Two female grass snakes were spotted basking in the sunshine
The first sighting of grass snakes in seven years at a Tyneside site has led to hopes that a project to restore them has been a success.
The Gibside estate in Rowlands Gill, has one of the most northerly recorded populations of grass snakes in the UK.
However, as none had been seen since 2002 it was feared that the population had become extinct.
A recovery programme at the National Trust-run site attempted to improve the habitat for the reptile.
The £25,000 funding came from the SITA Trust Enriching Nature Programme.
A team, mostly consisting of volunteers, cut down trees in important locations to allow snakes to bask in the sunlight, and constructed hibernation piles and compost heaps for egg laying.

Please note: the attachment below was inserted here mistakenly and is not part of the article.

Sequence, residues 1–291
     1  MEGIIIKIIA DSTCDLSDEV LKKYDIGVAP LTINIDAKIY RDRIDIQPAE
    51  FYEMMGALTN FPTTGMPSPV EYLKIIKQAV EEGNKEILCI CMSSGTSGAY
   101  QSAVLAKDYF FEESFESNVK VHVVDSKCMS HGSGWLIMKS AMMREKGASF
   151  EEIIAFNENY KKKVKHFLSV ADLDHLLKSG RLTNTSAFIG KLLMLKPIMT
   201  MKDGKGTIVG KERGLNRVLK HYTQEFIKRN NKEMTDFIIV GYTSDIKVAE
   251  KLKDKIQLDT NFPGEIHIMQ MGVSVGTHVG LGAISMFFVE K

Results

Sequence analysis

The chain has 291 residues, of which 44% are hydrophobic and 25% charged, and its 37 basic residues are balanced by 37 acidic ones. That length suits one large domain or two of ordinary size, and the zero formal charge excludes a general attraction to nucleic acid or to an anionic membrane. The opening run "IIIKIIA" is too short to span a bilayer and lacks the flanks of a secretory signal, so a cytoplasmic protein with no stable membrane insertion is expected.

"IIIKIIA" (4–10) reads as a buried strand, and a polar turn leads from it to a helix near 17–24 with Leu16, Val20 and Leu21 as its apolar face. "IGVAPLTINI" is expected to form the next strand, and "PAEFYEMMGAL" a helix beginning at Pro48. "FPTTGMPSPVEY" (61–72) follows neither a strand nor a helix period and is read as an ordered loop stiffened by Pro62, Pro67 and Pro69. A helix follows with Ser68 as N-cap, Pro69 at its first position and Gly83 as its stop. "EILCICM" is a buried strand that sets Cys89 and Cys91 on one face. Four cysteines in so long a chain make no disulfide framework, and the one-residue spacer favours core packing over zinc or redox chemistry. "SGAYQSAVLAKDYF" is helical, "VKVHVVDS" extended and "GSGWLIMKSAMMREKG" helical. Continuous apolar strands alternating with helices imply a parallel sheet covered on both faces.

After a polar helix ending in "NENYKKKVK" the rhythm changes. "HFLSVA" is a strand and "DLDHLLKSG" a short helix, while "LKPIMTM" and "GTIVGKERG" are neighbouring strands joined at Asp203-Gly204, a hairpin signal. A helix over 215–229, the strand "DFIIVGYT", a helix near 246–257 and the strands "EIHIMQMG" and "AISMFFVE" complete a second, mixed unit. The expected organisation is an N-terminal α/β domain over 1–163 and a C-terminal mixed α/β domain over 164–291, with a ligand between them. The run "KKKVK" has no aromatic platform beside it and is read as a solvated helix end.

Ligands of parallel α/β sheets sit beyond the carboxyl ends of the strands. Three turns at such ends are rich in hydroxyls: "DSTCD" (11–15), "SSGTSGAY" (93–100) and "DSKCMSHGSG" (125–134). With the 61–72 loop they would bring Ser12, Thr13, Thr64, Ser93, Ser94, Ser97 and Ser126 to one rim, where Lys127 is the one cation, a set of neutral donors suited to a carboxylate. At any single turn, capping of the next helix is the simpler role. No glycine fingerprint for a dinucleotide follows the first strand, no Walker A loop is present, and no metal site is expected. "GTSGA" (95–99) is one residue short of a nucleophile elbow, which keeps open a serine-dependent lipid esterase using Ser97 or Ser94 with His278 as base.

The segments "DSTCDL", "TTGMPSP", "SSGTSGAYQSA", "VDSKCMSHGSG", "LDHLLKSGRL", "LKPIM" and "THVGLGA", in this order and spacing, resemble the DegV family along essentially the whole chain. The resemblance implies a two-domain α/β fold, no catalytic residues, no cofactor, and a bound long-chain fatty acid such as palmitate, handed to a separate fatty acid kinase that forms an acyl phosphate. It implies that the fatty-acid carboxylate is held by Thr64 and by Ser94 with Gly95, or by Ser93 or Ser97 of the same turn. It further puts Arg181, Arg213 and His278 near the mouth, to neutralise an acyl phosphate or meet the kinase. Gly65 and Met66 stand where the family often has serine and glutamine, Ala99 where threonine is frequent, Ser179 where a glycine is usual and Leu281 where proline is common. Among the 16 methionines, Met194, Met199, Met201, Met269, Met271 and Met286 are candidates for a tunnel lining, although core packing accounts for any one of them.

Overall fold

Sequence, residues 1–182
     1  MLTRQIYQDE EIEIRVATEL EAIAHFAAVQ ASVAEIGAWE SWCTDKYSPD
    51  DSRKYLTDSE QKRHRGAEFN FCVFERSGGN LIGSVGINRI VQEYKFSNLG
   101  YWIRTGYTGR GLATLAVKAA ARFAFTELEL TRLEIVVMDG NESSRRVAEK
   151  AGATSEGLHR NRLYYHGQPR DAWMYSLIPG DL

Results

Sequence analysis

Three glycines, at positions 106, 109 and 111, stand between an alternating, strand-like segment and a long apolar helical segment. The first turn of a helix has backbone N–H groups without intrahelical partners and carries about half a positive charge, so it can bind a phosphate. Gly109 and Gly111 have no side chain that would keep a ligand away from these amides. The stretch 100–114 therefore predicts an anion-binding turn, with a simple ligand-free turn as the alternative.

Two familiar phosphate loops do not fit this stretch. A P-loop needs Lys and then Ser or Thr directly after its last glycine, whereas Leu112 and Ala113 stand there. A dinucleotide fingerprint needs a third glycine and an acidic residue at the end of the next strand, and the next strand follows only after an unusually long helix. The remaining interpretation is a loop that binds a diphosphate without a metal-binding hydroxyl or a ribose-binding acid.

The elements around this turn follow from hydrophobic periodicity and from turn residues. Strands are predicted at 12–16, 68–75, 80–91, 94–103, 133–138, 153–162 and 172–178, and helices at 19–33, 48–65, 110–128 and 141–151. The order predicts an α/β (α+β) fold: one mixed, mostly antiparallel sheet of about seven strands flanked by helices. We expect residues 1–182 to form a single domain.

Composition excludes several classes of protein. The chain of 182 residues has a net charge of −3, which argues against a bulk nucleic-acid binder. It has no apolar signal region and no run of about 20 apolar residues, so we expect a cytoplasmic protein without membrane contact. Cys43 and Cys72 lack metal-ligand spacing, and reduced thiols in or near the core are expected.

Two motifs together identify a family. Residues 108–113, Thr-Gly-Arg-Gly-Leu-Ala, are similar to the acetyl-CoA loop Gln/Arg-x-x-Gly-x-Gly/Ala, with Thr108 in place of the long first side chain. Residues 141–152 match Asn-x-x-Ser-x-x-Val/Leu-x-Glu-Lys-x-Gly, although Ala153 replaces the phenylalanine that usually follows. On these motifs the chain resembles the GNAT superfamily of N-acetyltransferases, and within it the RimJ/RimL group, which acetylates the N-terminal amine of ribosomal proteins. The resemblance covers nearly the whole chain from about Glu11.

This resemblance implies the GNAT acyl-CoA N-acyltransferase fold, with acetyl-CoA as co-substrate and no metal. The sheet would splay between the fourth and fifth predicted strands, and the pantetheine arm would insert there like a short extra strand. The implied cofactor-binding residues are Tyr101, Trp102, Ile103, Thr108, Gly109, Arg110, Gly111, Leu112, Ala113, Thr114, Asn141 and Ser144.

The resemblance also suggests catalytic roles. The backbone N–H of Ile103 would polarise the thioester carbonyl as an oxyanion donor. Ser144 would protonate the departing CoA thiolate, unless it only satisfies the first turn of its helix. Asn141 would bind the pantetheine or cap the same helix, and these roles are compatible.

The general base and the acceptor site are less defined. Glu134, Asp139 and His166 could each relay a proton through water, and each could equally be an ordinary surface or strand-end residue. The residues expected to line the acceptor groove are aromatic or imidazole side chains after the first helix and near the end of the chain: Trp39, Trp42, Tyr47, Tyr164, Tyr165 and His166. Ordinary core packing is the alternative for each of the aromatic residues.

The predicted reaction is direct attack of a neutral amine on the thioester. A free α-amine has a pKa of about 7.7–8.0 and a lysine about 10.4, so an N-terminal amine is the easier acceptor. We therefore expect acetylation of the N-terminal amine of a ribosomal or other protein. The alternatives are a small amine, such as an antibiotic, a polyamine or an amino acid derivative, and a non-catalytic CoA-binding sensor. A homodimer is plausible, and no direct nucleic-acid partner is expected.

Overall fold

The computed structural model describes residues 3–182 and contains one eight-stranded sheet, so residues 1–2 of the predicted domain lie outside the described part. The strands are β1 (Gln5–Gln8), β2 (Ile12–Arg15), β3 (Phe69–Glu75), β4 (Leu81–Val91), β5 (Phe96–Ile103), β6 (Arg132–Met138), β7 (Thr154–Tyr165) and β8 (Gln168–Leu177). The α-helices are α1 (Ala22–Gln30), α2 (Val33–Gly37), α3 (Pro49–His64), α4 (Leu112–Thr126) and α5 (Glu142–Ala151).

No snakes were found during regular surveys by an ecological consultant in 2007 and 2008.
However, recently two female grass snakes were spotted, basking in the sunshine.
Helen Carlton, assistant landscape manager at Gibside, said: "This is fantastic news as the grass snake population at Gibside has severely declined over the last 20 years with no records since 2002.
"The recovery programme is in its last year of funding and at the end of this year we will review the work that has been carried out to ensure we continue to encourage the population of grass snakes in the area."